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WKU Public Radio

Tennessee’s Attorney General is warning that the state could lose federal funding if a controversial bathroom bill clears in the General Assembly. 

The bill would require Tennessee students to use bathrooms and locker rooms that correspond to the gender on their birth certificate.  Supporters say the legislation is necessary to protect the privacy of students.  Opponents argue the bill is discriminatory. 

State Attorney General Herbert Slattery issued an opinion Monday saying the bill would violate Title IX, which means the state could lose millions of dollars in federal funding. 

The Tennessean reports that Governor Bill Haslam and the state Education Department have raised similar concerns, but the Governor has not said if he would veto the legislation should it reach his desk.  The bill has so far cleared a House committee.

J. Tyler Franklin

As Gov. Matt Bevin’s administration and a private consulting firm work to fix Benefind, the troubled one-stop portal for health and social services in Kentucky, the blame game over who’s responsible for its problematic rollout continues.

At a hearing of the state Senate’s Health and Welfare Committee on Monday, a top Bevin administration official blamed the federal government and previous Gov. Steve Beshear for the problems plaguing the system. The online portal, which launched Feb. 29, has been marred with long wait times, lost services and erroneous notices of canceled benefits.

Vickie Yates Brown Glisson, secretary of the Cabinet for Health and Family Services, told lawmakers that federal officials tested Benefind before it was released and gave the green light to launch.

“If there’s a problem, someone should take it up with the federal government. They said ‘you need to move forward,’” she testified to the committee.

Kentucky Lawmakers Extend Deadline, Reviving Budget Talks

Apr 11, 2016
J. Tyler Franklin

Kentucky lawmakers have agreed to extend the deadline for approving a two-year operating budget of more than $65 billion for state and federal services.

Budget talks broke down late Sunday night. The legislature was scheduled to convene for the final time this year on Tuesday. The schedule would not give lawmakers enough time to vote on an operating budget.

Monday, House and Senate leaders agreed to move the legislature's final day to Friday. That is the last day they could meet according to state law.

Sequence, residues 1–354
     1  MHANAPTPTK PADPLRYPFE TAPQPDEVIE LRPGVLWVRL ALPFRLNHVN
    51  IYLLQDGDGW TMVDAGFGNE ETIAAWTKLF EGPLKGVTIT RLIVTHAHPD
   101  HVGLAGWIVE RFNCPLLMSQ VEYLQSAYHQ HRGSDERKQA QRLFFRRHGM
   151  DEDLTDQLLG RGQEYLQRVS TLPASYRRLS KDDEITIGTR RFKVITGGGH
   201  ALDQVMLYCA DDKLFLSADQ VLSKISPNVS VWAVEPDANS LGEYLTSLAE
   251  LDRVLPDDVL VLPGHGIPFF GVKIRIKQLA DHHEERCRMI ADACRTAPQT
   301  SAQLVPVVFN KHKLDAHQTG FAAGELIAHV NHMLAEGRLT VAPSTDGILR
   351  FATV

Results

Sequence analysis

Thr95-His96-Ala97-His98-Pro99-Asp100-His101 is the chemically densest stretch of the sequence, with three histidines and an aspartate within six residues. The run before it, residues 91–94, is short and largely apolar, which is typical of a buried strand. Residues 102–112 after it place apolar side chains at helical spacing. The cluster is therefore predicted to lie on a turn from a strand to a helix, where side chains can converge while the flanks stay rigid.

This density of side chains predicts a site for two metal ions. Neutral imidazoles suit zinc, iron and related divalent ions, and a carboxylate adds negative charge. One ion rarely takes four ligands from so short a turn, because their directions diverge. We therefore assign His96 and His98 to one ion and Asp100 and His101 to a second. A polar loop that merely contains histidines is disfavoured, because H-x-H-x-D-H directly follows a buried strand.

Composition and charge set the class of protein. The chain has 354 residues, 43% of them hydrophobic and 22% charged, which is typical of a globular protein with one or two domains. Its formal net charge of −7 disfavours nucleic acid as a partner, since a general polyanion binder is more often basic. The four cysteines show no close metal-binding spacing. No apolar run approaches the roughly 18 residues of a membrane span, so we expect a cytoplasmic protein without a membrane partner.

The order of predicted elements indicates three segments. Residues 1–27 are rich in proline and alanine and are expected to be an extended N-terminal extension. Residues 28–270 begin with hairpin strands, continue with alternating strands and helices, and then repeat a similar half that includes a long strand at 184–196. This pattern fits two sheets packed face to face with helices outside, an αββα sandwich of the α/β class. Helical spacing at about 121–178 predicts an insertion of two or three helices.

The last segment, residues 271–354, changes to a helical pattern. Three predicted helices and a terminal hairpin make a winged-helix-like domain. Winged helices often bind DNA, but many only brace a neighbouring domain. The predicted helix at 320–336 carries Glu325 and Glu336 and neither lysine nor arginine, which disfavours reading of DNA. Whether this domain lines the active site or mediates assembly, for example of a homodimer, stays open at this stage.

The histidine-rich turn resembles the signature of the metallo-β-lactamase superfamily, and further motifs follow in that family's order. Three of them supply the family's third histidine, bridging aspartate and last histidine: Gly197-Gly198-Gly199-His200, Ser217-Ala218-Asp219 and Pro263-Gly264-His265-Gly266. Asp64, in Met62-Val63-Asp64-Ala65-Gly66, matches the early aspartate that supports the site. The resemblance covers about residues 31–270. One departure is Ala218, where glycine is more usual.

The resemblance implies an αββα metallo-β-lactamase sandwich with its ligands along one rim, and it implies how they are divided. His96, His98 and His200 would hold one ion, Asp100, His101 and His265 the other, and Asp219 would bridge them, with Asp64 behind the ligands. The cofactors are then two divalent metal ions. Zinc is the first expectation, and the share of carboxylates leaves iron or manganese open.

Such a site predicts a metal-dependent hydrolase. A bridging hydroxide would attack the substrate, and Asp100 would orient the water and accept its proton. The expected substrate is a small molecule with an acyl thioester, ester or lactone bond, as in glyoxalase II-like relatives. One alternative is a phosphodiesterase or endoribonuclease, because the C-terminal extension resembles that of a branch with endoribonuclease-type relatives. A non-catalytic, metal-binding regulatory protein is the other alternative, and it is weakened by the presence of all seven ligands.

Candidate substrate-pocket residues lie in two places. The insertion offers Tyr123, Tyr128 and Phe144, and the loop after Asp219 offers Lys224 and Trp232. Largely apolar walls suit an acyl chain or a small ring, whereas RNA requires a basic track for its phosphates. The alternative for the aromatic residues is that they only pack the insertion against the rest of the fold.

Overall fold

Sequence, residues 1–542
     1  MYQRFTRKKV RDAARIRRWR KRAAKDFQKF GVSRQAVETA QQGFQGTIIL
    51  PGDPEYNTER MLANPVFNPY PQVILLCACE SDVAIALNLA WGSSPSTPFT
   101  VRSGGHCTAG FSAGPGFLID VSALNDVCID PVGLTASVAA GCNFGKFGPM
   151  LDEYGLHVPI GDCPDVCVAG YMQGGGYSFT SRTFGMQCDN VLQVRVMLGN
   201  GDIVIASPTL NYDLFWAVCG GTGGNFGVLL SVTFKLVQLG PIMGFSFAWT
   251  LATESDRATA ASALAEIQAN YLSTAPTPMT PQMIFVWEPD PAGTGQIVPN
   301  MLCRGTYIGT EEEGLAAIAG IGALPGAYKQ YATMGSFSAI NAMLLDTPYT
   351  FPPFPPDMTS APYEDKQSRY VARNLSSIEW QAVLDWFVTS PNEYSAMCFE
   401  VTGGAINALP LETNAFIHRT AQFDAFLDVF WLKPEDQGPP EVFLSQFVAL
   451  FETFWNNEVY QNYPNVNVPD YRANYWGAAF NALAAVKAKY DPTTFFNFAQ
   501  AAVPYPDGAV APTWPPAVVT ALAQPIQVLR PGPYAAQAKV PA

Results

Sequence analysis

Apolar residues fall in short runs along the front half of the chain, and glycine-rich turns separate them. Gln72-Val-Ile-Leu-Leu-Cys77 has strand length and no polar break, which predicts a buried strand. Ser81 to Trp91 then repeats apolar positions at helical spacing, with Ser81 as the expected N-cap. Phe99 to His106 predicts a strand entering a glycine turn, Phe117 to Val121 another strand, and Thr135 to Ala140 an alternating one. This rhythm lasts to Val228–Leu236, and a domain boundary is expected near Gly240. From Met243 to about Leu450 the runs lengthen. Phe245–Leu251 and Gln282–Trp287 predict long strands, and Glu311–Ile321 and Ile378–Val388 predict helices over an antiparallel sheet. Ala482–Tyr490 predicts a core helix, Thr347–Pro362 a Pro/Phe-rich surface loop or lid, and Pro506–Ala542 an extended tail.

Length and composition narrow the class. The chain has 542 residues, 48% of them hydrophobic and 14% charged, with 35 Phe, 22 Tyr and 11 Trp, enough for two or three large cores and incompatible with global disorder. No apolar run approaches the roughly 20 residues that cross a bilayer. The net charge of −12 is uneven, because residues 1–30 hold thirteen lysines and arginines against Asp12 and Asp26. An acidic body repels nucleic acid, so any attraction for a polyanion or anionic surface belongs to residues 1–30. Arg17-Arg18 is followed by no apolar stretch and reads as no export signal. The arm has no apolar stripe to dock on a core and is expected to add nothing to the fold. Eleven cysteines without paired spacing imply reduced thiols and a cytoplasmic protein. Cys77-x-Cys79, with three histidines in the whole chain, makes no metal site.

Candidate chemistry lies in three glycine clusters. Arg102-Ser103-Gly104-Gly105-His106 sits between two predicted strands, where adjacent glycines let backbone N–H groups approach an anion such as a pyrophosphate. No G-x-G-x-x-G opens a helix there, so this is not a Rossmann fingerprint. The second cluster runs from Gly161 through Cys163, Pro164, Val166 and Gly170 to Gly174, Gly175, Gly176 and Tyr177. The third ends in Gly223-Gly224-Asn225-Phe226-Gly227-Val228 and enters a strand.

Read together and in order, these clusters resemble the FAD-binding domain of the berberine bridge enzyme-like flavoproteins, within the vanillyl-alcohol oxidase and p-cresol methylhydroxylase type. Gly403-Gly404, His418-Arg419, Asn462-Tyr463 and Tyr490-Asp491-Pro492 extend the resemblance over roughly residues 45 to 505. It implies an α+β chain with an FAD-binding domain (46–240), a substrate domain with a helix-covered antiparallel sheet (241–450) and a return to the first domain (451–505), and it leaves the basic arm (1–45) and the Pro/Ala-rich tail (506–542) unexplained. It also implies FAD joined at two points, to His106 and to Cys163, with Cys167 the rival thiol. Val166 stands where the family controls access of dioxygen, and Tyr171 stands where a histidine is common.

Budget negotiations are scheduled to formally resume at 1 p.m. Tuesday. If lawmakers do not pass a budget by Friday, Republican Gov. Matt Bevin would have to call them back for an expensive special session in order to avoid a partial shutdown of government services.

Ryland Barton, WKU Public Radio

Kentucky’s Democratic Attorney General Andy Beshear announced on Monday he had filed suit against Republican Gov. Matt Bevin over the governor’s recent order imposing an immediate 4.5 percent funding cut to state colleges and universities.

The cut amounts to some $41 million in spending reductions from what the General Assembly had agreed to in a previous budget.

Beshear called Bevin’s March 31 order “unconstitutional and illegal.”

The Bevin administration has said state law supports his order to make the cuts unilaterally.

WFPL News

Kentucky Gov. Matt Bevin is encouraging state lawmakers to pass a budget before the legislature adjourns for the year.

Bevin spokeswoman Jessica Ditto said the Republican governor still hopes lawmakers can pass a budget without an expensive special session.

House and Senate lawmakers ended budget negotiations late Sunday night after declaring an impasse. The legislature is scheduled to meet Tuesday for the final time this year. Lawmakers could move their final day to as late as Friday to give them more time to reach a deal. But Senate Republican leaders said they would not support that move.

If lawmakers fail to pass a budget, Bevin would have to call legislators back for an expensive special session. Otherwise, portions of state government would shut down on July 1.

A bill to allow no-excuse early voting in Kentucky is dead for this year.  Legislation proposed by Secretary of State Alison Lundergan Grimes cleared the House, but never came up for a vote in the Senate. 

The legislation was aimed at boosting voter turnout in Kentucky.  Currently, voters must have a qualifying reason to vote early.  Grimes was the leading supporter of the bill.  She expressed frustration that the measure won’t be passed this year.

"I've traveled the state and people feel it's something that we should already have," Grimes stated.  "Much like online voter registration, it's something they expect."

The Kentucky County Clerk’s Association opposed the bill.  Warren County Clerk Lynette Yates said the group feels expanded early voting would be a burden for county clerks with small staffs.

LRC Public Information

After hours of negotiations on Sunday, state lawmakers once again failed to agree on a budget, halting their meeting abruptly at about 11:30 p.m.

The failure raises doubts about whether the House and Senate can agree on a budget by the end of this year’s General Assembly on Tuesday. Lawmakers will likely have to adjust the legislative calendar to approve a budget bill before the legislature is scheduled to disband for the year.

“It appears to be at a complete stalemate,” said Senate Minority Floor Leader Ray Jones, a Democrat from Pikeville.

Lawmakers had planned to come to an agreement on Sunday to have a budget bill ready for votes in the House and Senate on Tuesday. While it appears the budget conference committee will not have an agreement in time, lawmakers had no plans to alter the official calendar.

LRC Public Information

House Democrats say they would agree to spend less on state colleges and universities if it means lawmakers could reach an agreement on a two-year plan to spend more than $65 billion in public money.

Democratic House Speaker Greg Stumbo said House leaders offered a compromise on Wednesday that would reduce spending on higher education by 2 percent in the budget year that begins July 1. Spending levels would remain the same for the following budget year.